In the 1920s, the Pennsylvania Railroad began planning for new stations to improve service through Philadelphia. Previous developments included elevated tracks that left the downtown divided and stations that could not accommodate commuters. Planners crafted proposals to redevelop Broad Street Suburban Station (or Suburban Station), replace West Philadelphia Station with a Grand Central Station-sized terminus (30th Street Station), move tracks below street level at the east bank of the Schuylkill River, and create underground walkways in the central business district. Completion of these plans took decades.

On June 16, 1965, the South Platte River flooded, devastating Denver’s downtown and providing the city’s Urban Renewal Authority with a pressing reason to redevelop. The flood demolished bridges, rail yards, the Tivoli brewery, and the majority of Jerome Park, a low-income, historically Hispanic community. Deemed destroyed beyond rehabilitation, the Authority initiated plans for a new downtown sector within the neighborhood’s limits. As noted in this 1966 plan, the district would contain an academic campus, a stadium, a shopping complex, and highway access. Many residents of the impacted areas were relocated but not given natural disaster aid.

The City Within is a kinetic bookwork exploring cartography and fantastical anatomy. Juxtaposing bird’s eye maps and hand-drawn street-level maps with a rib cage of text centered around Montreal’s downtown core, The City Within overlays the heart of a city with the interior body of a city dweller.” (Quoted from the Women’s Studio Workshop website)

Rent-Free in the East Village is the artist’s commentary on the gentrification of New York City’s East Village neighborhood in the 1980s.

“The Topography of Home is the artist’s attempted reconciliation of living in the present while longing for her remembered hometown. Letterpress printed maps convey a more emotional than geographical terrain; events and places are recorded and revisited, worried over and examined.” (Quoted from Macy Chadwick’s website)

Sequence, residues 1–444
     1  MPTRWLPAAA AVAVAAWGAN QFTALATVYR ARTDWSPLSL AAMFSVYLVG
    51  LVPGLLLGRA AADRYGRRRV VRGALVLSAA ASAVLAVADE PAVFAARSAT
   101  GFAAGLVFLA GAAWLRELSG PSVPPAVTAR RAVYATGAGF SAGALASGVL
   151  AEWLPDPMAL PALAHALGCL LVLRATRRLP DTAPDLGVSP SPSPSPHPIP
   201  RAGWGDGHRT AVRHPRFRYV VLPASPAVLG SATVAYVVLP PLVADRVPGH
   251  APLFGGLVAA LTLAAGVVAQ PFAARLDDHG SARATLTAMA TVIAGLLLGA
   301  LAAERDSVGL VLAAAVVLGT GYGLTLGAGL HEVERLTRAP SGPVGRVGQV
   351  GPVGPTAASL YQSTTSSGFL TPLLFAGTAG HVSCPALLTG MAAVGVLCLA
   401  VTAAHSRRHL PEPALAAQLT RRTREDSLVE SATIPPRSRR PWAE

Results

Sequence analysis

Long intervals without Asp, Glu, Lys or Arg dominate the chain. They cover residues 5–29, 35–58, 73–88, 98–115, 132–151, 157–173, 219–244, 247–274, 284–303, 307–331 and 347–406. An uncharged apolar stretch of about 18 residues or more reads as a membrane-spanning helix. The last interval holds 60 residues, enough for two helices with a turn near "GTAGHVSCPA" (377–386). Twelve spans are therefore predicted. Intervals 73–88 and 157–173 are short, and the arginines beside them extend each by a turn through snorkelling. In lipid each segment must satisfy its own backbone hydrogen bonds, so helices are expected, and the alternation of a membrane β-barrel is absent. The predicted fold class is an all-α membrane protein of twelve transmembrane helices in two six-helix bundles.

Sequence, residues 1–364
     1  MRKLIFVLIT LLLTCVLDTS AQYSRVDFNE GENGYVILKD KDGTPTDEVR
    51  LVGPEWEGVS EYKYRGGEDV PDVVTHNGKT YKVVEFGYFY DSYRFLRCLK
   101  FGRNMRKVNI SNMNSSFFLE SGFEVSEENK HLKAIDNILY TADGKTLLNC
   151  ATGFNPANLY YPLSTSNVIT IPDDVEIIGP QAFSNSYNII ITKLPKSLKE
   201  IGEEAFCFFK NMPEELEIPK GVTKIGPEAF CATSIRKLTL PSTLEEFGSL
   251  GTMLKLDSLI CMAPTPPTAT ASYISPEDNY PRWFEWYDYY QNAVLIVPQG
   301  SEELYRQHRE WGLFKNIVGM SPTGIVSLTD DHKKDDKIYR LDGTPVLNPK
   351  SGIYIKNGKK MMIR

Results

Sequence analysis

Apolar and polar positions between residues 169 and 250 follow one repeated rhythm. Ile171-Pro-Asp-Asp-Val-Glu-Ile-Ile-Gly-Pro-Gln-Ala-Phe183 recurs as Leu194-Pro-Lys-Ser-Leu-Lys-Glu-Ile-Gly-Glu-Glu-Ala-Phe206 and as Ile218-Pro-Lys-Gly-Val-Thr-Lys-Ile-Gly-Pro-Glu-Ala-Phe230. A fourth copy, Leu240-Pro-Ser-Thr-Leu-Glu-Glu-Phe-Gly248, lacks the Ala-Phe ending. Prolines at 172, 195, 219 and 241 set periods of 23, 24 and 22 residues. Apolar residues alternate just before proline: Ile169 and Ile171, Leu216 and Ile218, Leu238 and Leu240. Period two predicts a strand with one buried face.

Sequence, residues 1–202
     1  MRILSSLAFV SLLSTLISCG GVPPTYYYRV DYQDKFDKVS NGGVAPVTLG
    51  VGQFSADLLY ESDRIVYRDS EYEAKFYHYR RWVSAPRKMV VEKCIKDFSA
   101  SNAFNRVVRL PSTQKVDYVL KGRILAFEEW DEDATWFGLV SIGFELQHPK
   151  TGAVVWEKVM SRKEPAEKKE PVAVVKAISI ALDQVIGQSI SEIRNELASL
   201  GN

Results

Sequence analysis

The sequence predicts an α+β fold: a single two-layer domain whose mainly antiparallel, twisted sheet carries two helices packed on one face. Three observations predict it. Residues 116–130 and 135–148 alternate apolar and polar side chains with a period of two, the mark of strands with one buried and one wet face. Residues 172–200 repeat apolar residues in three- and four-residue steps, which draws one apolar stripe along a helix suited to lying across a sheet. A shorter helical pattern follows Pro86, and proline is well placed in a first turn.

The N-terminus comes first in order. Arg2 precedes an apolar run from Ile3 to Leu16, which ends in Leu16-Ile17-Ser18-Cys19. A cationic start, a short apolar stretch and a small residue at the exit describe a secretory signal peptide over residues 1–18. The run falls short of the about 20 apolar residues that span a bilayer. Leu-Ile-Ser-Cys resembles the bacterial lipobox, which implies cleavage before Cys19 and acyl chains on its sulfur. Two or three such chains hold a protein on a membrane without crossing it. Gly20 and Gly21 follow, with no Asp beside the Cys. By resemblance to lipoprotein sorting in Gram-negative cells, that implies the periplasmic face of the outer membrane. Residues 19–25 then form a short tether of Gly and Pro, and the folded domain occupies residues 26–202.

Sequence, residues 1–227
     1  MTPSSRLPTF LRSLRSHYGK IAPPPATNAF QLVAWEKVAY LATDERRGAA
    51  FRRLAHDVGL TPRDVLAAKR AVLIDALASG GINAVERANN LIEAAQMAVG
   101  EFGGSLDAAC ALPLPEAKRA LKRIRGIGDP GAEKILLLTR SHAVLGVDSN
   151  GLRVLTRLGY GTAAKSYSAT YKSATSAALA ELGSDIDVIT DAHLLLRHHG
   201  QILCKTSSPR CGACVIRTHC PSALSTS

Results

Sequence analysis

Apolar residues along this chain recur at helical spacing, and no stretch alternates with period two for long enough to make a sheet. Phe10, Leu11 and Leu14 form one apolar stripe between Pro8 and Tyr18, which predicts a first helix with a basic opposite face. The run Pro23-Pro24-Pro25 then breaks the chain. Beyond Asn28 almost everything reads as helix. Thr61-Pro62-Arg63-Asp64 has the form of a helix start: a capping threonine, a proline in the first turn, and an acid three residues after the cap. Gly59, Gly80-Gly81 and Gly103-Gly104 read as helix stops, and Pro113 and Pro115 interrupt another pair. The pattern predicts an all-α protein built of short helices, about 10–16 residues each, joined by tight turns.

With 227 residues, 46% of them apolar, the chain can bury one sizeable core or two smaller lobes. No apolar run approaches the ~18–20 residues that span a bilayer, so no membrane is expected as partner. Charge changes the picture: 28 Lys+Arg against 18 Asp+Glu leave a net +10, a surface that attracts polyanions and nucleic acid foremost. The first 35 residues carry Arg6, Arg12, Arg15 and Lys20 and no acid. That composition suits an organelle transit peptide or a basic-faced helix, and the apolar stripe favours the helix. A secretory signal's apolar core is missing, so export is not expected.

Channel & Flow documents an attempt to follow a stream on its path through a dense suburban neighborhood. It uses the structure of the book’s page turns and fold outs to represent how the stream has been contained and fragmented by the built environment.” (Quoted from the Women’s Studio Workshop website)

Jeannie Meejin states: “like my experience of the city, this detour/map is not linear. ...when completely unfolded, it has no beginning and no end, no front and no back, no inside and no outside. This was my experience of Seoul.”

Providence’s urban landscape has undergone numerous transformations. Its prosperous industrial past and 20th century economic downturn left the city with abandoned factories, and urban renewal efforts changed the face and flow of the downtown. The city’s main waterways had been mostly paved over to accommodate roads, buildings, trolley terminals, and later parking lots. New highway and interstate projects bisected the city, and demolition efforts leveled neighborhoods and displaced residents.


By the 1970s, interested parties recognized the need to amend urban environments that adversely impacted business and pedestrian accessibility. In the fall of 1972, RISD Architecture professor Gerald Howes provided the spark for revitalizing the city with a studio course in the Division of Architectural Studies titled, “High Speed Rail, Any Effect on Providence?” Working with MIT’s Urban Systems Lab and students, Howes developed a city plan that was centered on the creation of a transit hub, green spaces, and an uncovered downtown waterway.


Similar ideas were incorporated into Providence’s comprehensive plans over the next decades, but Howes’s project was an effective public-private partnership for the city. Interface : Providence was published in 1974 with funding from the National Endowment for the Arts and the nascent Providence Foundation. Implementation has been protracted and incomplete, but the plan progressed under city leadership over the next three decades, and the waterfront was eventually uncovered and transformed into a pedestrian friendly urban destination by 2002.


Click here for the 2nd floor item list.